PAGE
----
Shock suspension of UK Capacity Market

Last Thursday the UK government abruptly halted the Capacity Market to comply with a European Court of Justice (ECJ) ruling.  The implications of this are an immediate stop to capacity payments under existing agreements and the cancelling of auctions in 2019.

The government’s announcement was the equivalent of an immediate and indefinite zero capacity price outcome for all CM participants. It is an understatement to say it was a surprise of the first order.

You can read elsewhere about the details of the ECJ ruling, but in today’s article we set out some initial thoughts on the potential market implications of CM suspension.

Impact of suspending payments on existing capacity providers

Halting capacity payments has an immediate margin & cashflow impact on all holders of 2018-19 capacity agreements. This includes owners of coal plants, CCGTs, engines, nuclear plants & DSR capacity.

Most of the capacity across the current delivery period is under T-4 agreements (from the first auction in 2014). A 20.8 £/kW price applies for these agreements (the 19.4 £/kW clearing price adjusted for inflation).

While a single T-4 clearing price applies, the impact of suspension of payments varies significantly by asset.  There are four main factors that drive this:

  • Derating factor
  • Portion of asset margin driven by CM
  • Extent of leverage (i.e. project/owner debt structure)
  • Length of contract (i.e. 1 year vs 15 year)

The asset owners that are most exposed are those that rely on CM payments to:

  1. Cover fixed costs in order to remain cashflow positive
  2. Meet debt repayments.

Older & less efficient CCGTs and coal plants are most vulnerable in the first category. Leveraged engine & DSR projects are vulnerable in the second category.

This is where uncertainty around the extent of CM payment suspension is very important.  A temporary halt of a couple of months before payments are reinstated may be painful but is unlikely to precipitate major closures or defaults.  The costs of operating capacity are largely sunk over this time horizon.

However, a prolonged or indefinite suspension of payments will have real implications for more vulnerable capacity owners relatively quickly. This may mean mothballing, accelerated closures and defaults.

For that reason, expect a sharp and strong lobbying response from affected owners.  The interests of utilities, IPPs, flex developers and aggregators in pressuring the government to reinstate payments appear to be strongly aligned.  The main hurdle to achieving this seems to be one of legal process rather than overcoming structural conflicts within the industry.

Impact on security of supply & policy

The government has tried to allay fears that CM suspension threatens security of supply this winter.  That may be right in the sense that existing capacity is likely to remain operational between now and next March.

But beyond this narrow interpretation there can be little doubt that CM suspension represents a major threat to security of supply.  The Capacity Market has been the cornerstone of the government’s policy platform to ensure enough flexible capacity is operational to keep the lights on.

Again, the interests of the government, consumers and a significant majority of market participants appear to be aligned in ensuring the CM does not suddenly disappear.  The alternative stop gap solution is for the government to get Grid (as system operator) to ‘do all it takes to ensure security of supply’.  The flawed SBR mechanism is reminder of why that is likely to be a bad outcome.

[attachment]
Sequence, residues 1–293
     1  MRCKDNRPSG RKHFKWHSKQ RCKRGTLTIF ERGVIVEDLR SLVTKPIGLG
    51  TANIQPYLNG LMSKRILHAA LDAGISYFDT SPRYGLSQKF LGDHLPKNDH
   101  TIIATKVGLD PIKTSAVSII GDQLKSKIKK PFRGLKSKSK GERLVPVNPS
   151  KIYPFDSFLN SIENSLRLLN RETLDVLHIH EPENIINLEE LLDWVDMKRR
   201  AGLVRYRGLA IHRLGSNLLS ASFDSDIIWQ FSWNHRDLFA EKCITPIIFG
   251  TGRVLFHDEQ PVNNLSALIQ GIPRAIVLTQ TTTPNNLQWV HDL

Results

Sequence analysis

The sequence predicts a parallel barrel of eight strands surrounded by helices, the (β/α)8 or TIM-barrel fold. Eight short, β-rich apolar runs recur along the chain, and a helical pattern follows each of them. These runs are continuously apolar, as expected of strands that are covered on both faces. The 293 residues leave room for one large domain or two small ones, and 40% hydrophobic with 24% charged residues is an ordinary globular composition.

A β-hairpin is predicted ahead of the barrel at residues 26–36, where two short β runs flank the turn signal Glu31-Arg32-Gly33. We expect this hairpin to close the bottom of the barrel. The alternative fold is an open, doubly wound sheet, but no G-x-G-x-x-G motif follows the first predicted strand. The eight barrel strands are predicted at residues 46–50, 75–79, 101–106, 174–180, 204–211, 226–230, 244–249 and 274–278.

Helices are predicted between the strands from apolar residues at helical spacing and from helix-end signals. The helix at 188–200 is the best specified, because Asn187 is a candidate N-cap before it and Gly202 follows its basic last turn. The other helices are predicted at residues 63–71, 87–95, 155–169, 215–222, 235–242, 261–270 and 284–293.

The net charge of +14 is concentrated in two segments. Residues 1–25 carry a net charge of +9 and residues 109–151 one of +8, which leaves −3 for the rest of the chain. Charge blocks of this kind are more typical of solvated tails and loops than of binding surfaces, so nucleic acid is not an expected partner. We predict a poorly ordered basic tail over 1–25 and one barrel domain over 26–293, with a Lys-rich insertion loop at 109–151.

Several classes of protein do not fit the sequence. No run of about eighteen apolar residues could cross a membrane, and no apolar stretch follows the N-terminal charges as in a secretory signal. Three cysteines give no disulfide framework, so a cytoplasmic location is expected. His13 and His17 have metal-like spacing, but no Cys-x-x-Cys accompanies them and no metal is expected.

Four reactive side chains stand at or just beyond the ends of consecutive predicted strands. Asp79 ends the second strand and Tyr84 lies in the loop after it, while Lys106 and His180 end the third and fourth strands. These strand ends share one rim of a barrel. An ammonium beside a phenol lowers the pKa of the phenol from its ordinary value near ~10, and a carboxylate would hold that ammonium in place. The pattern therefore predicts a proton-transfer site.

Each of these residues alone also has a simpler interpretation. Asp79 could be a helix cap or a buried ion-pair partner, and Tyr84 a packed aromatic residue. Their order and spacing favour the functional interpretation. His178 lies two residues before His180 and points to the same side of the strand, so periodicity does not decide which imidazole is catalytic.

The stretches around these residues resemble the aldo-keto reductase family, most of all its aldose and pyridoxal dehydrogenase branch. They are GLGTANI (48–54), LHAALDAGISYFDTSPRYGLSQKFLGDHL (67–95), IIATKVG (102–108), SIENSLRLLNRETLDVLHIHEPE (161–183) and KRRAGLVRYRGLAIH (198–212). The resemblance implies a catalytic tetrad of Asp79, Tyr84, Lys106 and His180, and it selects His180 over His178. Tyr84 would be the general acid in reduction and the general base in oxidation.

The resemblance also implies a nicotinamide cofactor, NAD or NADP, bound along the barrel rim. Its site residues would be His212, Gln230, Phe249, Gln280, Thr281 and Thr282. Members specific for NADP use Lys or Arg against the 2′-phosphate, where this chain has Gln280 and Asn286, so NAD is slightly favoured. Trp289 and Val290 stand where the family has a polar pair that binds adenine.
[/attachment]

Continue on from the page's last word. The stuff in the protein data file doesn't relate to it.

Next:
What the ECJ ruling may precipitate is an acceleration of the government’s review of the CM.  For example, a significant broadening of the CM to include other types of generation (e.g. renewables) was already under discussion. But complex reforms of this nature are not well suited to ‘gun to the head’ haste.  An interim solution is required to stem the bleeding and buy some time for well-considered reform.

Impact on investors

The key immediate impact of CM suspension on investors, is the cancellation of the 2019 T-4 and T-1 auctions.  The government has indicated it may hold a T-3 auction for the 2022-23 capacity year instead.

This imposes a direct cost on investors relating to the carrying cost of capacity projects intended for the 2019 auctions.  But perhaps more importantly, the uncertainty associated with CM suspension is likely to have a greater intangible impact on investor confidence.  The cost of that uncertainty is passed on to UK consumers via higher cost of capital to deliver required capacity.

Investor patience has already been tested by Brexit, the price cap, embedded benefit reforms and the charging review. The CM has been a source of relative stability over the last 4 years… until last week.

Uncertainty may result in more marginal investment projects being delayed, shelved or canned. It may also speed up the process of consolidation & aggregation of development projects that is already underway.  And that may extend to the fire sale or closure of vulnerable existing assets, particularly those that become cashflow negative or cannot meet debt payments.

Uncertainty is likely to remain, at least for the next few weeks given the parallel issues with Brexit negotiations. But the path through that uncertainty is likely to favour a level-headed approach to the structured assessment of risks, including stress testing asset cashflows to quantify the impact of potential outcomes.